On this Week’s Podcast: Eco-Friendly Renovation
From cars to food, people are modifying their lives to help conserve the earth’s resources and support a cleaner environment.
In this podcast Danny, Joe, and Chelsea open up about some of their eco-friendly renovating tips.
It’s a project we are taking on at Chelsea’s house for a recent episode of the Today’s Homeowner television show. A focal point of the show is a set of cabinets that used to be in Chelsea’s kitchen. Now, these cabinets are perfect for her new garage workshop.
There are also smaller ways to be gentle in the landfill when working around the house. Old shirts can be cut to create rags, and old cereal bowls are great for saving nails and screws.
When you have to buy materials for a renovation project consider buying eco-friendly. Zero VOC paints are better for you and the environment.
Also, when upgrading, pick sustainable options like dual-flush toilets, bamboo or cork flooring, and energy-efficient LED bulbs.
And, if you still have furniture that works fine but just don’t work for you – donate them. Find a local donation center like the Habitat for Humanity ReStore to donate working appliances, light fixtures, plumbing fixtures, cabinets, power tools and full cans of paint
Also in this week’s podcast:
• Ever think about installing a hot tub in your basement? Well, there is a lot more to think about than just how are you gonna get it down there.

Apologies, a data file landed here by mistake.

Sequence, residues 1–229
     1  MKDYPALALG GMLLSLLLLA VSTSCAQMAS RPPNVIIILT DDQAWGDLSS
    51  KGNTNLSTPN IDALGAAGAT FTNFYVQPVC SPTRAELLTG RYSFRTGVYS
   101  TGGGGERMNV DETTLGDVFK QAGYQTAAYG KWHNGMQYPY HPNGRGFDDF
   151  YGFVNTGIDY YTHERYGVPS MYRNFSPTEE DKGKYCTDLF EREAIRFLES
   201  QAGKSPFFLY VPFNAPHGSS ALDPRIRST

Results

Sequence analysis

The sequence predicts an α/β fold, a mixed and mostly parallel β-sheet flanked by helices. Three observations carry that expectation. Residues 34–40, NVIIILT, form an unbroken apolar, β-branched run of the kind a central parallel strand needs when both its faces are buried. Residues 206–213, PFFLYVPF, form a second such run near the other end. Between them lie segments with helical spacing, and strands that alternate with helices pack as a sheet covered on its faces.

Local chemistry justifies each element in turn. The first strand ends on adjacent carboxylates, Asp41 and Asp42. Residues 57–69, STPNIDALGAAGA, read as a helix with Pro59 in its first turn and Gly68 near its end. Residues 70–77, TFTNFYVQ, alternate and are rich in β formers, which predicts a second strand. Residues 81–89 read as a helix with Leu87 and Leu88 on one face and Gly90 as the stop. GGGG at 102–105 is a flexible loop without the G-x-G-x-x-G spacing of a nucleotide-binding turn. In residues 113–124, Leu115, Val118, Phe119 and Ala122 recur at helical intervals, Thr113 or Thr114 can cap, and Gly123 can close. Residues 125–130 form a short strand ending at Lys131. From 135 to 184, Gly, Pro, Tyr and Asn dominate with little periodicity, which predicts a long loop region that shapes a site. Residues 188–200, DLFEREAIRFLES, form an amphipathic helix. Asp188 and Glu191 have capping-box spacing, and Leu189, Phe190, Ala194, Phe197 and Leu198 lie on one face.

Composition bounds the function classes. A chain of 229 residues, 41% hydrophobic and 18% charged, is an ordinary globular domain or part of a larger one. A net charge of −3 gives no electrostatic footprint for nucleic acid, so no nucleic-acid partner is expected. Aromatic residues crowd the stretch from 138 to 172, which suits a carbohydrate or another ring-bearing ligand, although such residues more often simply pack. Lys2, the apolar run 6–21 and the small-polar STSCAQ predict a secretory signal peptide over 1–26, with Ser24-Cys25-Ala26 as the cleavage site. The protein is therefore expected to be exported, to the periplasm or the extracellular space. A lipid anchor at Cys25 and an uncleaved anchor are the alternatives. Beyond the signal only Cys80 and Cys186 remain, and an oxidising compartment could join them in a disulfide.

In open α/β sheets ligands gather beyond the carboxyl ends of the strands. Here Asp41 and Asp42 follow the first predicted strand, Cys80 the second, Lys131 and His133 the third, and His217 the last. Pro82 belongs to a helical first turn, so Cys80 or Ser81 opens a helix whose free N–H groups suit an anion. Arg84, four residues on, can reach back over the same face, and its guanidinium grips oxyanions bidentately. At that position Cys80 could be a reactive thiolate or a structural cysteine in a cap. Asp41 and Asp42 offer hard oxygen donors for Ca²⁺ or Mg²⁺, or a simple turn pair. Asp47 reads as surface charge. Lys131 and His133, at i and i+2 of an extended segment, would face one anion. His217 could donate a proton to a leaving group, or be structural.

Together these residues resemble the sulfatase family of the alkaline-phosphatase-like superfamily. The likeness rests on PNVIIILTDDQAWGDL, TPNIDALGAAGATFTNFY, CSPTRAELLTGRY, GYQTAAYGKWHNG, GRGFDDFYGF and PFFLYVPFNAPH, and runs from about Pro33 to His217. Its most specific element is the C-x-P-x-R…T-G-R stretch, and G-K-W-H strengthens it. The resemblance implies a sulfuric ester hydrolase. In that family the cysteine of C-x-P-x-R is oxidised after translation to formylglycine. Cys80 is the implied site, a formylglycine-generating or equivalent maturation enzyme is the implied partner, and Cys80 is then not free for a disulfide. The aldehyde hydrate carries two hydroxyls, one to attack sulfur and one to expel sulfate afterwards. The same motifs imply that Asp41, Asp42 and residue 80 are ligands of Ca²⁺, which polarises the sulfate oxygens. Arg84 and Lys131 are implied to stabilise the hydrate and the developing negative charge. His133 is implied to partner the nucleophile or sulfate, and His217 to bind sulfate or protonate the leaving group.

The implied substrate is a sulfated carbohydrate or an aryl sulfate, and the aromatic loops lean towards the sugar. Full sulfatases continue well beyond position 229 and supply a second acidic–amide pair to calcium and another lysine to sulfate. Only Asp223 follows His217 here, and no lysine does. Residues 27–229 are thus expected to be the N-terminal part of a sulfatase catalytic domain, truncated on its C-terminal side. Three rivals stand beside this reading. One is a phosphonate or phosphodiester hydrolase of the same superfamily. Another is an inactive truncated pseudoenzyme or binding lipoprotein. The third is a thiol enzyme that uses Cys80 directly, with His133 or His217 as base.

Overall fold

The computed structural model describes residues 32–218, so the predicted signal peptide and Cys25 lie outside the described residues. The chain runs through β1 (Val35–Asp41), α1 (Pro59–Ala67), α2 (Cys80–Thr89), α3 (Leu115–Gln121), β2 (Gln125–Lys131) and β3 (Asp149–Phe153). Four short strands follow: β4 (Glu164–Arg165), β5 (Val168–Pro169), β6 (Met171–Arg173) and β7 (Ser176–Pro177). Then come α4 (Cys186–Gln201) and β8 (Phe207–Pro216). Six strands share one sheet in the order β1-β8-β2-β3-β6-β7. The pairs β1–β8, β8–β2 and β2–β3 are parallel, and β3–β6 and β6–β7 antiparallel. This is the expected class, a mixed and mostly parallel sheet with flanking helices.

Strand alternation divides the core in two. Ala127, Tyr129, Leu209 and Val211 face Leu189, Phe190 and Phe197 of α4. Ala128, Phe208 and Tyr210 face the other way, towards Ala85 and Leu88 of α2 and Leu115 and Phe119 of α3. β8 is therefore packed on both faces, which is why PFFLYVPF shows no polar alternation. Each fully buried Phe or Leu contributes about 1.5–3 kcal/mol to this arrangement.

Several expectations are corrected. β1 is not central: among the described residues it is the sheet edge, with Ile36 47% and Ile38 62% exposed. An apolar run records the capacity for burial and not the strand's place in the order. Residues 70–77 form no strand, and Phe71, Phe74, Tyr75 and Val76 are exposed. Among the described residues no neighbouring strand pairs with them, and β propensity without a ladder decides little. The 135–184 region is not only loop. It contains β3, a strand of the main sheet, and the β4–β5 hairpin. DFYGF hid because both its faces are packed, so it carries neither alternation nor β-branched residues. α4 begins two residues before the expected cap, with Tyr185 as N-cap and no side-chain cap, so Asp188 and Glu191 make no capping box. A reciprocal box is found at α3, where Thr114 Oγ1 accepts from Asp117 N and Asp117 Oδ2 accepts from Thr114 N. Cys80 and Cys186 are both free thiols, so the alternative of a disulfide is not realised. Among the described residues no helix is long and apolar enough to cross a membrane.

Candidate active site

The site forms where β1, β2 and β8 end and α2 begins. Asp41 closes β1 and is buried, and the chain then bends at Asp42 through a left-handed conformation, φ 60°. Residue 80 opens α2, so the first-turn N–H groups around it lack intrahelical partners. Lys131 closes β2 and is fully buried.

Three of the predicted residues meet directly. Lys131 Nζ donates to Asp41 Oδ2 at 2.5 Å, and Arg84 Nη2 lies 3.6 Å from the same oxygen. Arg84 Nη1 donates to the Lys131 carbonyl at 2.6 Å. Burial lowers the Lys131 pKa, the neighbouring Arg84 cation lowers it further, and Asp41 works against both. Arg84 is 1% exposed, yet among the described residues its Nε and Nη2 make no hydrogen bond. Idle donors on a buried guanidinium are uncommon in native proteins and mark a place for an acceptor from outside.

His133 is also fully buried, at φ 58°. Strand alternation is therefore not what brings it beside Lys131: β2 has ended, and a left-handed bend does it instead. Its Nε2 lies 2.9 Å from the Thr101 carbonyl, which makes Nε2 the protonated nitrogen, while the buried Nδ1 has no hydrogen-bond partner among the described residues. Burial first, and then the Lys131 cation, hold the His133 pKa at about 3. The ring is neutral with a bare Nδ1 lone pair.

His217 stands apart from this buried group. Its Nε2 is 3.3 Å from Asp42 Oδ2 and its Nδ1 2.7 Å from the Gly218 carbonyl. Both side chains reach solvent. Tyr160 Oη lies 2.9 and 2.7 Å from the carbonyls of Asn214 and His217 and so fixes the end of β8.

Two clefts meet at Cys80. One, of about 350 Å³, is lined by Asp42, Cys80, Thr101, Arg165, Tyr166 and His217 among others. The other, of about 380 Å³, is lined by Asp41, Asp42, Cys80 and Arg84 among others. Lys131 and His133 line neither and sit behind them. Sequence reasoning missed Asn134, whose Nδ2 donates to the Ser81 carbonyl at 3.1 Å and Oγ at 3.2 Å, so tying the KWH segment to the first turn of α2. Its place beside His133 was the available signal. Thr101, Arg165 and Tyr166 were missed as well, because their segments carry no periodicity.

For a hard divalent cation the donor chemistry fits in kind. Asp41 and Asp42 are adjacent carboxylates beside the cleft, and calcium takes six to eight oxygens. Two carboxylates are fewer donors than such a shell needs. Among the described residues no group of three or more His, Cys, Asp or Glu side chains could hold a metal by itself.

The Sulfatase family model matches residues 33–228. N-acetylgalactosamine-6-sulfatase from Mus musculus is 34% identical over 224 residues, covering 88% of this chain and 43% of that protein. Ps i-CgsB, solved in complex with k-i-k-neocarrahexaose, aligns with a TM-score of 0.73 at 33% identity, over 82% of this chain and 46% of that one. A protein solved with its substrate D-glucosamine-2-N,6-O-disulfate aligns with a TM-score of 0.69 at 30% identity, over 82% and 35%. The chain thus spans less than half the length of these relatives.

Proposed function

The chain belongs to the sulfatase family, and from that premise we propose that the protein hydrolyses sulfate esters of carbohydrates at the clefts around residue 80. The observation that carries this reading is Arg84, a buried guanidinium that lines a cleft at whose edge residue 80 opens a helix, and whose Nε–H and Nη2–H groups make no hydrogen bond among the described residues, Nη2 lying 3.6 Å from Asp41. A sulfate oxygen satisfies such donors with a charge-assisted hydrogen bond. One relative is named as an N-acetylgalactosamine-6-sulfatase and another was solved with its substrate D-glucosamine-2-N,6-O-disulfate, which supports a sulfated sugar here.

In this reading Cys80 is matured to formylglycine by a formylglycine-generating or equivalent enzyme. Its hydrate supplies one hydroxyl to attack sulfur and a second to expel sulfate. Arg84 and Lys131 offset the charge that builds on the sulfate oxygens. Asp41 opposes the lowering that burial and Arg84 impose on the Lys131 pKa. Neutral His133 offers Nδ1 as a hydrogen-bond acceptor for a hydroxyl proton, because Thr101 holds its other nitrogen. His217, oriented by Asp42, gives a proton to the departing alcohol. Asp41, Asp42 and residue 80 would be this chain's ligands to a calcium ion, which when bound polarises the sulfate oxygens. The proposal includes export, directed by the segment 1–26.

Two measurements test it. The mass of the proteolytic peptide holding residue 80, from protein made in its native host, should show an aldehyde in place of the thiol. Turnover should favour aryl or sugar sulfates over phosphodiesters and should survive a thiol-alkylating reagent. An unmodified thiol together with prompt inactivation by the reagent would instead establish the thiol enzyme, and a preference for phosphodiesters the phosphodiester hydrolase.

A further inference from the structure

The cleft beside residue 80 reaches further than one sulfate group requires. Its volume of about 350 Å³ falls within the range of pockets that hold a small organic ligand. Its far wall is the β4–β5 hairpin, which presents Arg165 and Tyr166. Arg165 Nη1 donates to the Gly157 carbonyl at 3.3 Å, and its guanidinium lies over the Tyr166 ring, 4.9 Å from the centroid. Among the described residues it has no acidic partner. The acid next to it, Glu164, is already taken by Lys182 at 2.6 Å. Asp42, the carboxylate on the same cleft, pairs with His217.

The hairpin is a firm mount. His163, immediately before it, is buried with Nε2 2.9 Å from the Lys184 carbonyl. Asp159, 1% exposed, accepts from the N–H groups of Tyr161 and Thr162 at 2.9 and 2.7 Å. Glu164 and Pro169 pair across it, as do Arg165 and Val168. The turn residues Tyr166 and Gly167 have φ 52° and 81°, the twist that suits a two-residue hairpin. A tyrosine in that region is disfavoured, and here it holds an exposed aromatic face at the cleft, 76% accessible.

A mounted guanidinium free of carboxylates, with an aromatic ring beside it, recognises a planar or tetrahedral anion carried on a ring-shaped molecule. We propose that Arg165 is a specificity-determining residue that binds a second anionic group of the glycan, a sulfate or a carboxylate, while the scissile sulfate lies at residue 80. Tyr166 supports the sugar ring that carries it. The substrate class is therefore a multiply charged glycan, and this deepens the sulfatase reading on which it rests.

• A piece of furniture that’s been passed down to a listener is stubbornly not opening its drawers. What she can do to safely pry open her inherited cabinet.
• The garage floor often stains due to its porous nature. We discuss what you can do if you notice a stubborn rust stain on your garage floor.
• Joe has a Simple Solution that will have you reaching for an ironing board next time you need to do any work under the kitchen sink.
Question of the Week
Donna Writes, I need some advice, please.
I am currently adding an addition to the back of my home. I recently discovered that when the masons poured the concrete slab for the foundation, they removed the Visqueen plastic vapor barrier.
So now I’m looking for suggestions to fix the problem? I live in Florida and moisture is a big problem.
Should I insist that the masons re-do the foundation or are there other solutions to guarantee I will not have a moisture and mold issue in the future?
Please help. I am so frustrated right now. (Just so you know, my contractor is also coming up with a solution, but I just want to know what my best options are.).
Thank you. (Love your show.)
DIY Project of the week
Stains from soot and smoke are a common problem on the surround around a wood-burning fireplace.
To remove black stains around a fireplace, use a strong degreaser, such as trisodium phosphate (TSP), which is available at home centers and hardware stores.
To remove soot and smoke stains:
- Make a paste from TSP and water.
- Apply the paste to a sponge, and use it to scrub the black stains.
- Rinse the sponge thoroughly, and remove any residue with clean water.
Since brick is more porous, you may need to apply the TSP paste with a scrub brush when cleaning a brick surround.